The treatment of fractures and dislocations in a pre-hospital environment mainly involves immobilisation/splinting.

If a person has suffered dislocations in the past then they are generally more prone to having recurring dislocations in the future.  Some people will wish for their dislocations to be relocated however this does carry several risks and should be avoided unless you are trained in how to carry out the procedure.

Splinting is a method to keep a broken bone, an injured limb, or a dislocated joint completely still.  This can be achieved by simply holding/supporting the limb with your hands or it can be made more permanent by fixing a ‘splint’ (something rigid) to it.

There is a wide range of manufactured splints available (e.g. SAM™) along with improvised splints: paddle sections, wood, cardboard, foam sleeping mat, tent poles, the uninjured limb.

A splint can reduce the risk of shock by controlling the pain and reducing bleeding of a fracture or dislocation.  It will prevent any further damage to a broken bone, dislocated joint or injured limb by stopping any movement.  It will also prepare the casualty for evacuation or other procedures.

If a patient has suffered an open fracture, then we must remember never to put any pressure onto the protruding bone.  Any bleeding has to be managed by padding around the site and then immobilise the limb in a comfortable position.  The difficulty comes when the blood supply past the point of the injury may be compromised.  This is the point where medics would give the patient a substantial amount of pain relief and realign the injured limb.  Again, not recommended without prior training and knowledge.

As summer is on its way here we will all be shedding those boots and cutting our feet to shreds!  The faster you can treat your wounds, and manage them effectively, the more time you will have to enjoy the waves on your trip.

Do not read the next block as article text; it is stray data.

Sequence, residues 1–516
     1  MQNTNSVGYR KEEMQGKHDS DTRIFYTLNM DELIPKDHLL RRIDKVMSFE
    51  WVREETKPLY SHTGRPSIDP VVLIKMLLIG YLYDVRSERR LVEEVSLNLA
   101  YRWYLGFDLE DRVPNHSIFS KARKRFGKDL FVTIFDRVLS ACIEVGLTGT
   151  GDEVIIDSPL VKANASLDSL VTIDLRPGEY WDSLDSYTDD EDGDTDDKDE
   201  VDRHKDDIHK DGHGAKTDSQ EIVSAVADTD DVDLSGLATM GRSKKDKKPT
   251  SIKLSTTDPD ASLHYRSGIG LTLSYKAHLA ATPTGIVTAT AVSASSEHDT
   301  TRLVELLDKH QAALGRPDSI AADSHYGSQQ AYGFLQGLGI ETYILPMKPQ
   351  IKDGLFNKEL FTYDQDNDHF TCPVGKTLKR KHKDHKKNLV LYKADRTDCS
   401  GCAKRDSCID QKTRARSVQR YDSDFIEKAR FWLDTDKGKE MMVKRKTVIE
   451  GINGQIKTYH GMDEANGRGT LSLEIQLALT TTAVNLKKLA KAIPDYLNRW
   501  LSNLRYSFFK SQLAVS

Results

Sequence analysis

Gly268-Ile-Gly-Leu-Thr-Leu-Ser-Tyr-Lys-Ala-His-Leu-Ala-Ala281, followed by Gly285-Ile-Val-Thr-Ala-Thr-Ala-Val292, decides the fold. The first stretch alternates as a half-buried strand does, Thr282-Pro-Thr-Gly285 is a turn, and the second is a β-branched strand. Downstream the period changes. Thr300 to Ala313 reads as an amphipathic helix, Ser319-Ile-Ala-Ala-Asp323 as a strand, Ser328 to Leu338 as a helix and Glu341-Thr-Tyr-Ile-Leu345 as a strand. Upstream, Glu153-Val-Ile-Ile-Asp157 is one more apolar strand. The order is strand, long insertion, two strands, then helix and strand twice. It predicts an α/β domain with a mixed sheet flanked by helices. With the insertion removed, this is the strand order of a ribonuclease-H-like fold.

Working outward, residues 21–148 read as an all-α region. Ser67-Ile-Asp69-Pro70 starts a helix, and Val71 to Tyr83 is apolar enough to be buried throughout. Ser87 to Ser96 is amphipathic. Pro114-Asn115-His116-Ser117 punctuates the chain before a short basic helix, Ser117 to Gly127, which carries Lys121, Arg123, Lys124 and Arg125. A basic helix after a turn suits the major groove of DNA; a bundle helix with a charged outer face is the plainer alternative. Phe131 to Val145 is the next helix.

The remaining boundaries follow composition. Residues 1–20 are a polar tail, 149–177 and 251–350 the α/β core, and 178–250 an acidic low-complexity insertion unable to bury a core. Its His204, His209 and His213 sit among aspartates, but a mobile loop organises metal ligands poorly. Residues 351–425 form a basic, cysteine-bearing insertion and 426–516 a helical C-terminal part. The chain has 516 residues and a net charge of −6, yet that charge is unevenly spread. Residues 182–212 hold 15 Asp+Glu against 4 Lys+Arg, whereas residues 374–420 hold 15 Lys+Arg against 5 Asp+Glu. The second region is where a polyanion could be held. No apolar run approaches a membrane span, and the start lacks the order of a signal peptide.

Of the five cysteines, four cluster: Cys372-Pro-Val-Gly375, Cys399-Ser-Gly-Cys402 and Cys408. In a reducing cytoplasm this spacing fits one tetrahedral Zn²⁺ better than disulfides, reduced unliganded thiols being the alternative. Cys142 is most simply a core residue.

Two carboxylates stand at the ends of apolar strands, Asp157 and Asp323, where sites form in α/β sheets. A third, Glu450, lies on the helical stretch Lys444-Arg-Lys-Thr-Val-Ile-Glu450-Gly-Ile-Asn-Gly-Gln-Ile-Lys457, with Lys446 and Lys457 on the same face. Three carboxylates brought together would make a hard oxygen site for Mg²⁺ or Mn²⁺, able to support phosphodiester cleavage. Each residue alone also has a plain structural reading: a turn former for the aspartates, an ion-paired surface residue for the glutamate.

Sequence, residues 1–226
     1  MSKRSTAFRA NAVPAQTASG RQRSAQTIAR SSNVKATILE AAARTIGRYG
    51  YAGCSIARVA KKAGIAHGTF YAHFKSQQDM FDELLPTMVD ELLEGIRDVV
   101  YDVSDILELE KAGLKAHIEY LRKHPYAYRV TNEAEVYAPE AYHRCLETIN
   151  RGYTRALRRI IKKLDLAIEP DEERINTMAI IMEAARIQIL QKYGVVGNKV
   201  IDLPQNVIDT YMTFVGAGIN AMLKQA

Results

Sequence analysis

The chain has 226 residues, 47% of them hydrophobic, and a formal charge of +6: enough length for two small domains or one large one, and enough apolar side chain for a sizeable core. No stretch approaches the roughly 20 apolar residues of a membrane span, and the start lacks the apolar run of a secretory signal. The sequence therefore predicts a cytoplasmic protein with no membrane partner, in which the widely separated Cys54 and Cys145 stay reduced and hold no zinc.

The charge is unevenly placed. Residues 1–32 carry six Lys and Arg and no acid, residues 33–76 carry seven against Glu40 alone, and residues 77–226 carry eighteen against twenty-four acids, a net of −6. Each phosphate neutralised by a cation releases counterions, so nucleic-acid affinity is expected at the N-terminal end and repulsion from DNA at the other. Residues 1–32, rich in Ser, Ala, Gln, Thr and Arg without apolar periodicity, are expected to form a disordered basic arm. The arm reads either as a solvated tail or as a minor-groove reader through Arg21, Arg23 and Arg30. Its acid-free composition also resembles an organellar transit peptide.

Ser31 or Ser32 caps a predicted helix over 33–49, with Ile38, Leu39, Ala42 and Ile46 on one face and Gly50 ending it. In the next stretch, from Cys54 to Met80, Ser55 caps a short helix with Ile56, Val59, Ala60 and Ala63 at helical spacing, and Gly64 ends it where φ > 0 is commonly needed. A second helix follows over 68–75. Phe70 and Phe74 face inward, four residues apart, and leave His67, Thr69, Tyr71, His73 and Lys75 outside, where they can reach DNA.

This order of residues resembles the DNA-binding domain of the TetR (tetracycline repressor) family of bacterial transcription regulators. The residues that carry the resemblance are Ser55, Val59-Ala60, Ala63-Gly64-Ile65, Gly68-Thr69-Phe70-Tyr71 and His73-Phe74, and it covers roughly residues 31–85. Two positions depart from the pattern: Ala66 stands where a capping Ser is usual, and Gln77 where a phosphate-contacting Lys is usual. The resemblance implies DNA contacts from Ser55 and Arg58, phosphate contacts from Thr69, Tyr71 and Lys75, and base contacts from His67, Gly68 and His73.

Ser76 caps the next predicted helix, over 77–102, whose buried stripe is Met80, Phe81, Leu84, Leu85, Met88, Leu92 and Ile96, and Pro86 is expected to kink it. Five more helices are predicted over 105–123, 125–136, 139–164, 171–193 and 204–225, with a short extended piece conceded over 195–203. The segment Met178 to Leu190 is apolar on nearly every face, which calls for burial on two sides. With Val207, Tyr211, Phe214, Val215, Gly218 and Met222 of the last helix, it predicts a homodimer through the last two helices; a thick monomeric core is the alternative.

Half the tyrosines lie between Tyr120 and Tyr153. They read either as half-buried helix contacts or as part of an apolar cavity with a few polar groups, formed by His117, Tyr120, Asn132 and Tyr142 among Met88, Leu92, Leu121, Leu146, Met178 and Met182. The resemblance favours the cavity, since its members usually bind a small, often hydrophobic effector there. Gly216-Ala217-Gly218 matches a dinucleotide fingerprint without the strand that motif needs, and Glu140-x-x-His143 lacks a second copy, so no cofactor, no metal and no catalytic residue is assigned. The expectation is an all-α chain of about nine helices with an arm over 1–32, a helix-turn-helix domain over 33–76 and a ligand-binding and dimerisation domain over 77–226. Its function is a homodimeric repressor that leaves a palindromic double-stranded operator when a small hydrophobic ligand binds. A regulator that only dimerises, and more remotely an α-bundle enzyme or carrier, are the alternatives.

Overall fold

• Irrigate the wound with fresh water and ensure any pieces of debris are removed from inside the wound.  Don’t be afraid to scrub the wound using gauze dipped in antiseptic as this helps to remove any foreign bacteria.

• Apply antiseptic to the wound.  The antiseptic may sting but it is extremely important that any foreign bacteria are killed before they have time to damage the tissue within the wound.

• Keep the wound free of dirt and covered as much as possible.  Using appropriate dressings for the type of wound.

• Re-dress wounds as required. Do not leave dressings on for more than 3 days.

• Infection is indicated by yellow pus within the wound site, and soreness/redness surrounding the wound site. If infection is present scrub the wound using gauze dipped in antiseptic. Once all the yellow pus is removed, re-apply antiseptic and dress appropriately.

• If you are lucky enough to be on a boat trip then many of the crew may be trained in suturing and gluing.  This is great but if you don’t know how then don’t be eager to try!

• It’s very easy for me to say but try not to be tempted back into the water until the wound has healed.  Warm sea water contains higher levels of bacteria and your wound will worsen rapidly!

As I said in the previous issue, we cannot cover every eventuality in this article and I urge you to enrol onto a suitable course and gain the knowledge you may need.  I do hope you never have to act on this information but if you do it is always better to have the prior knowledge.

Take care, stay safe, Gordon.  SUP

For more information on Gordon’s courses visit www.firstresponsegb.com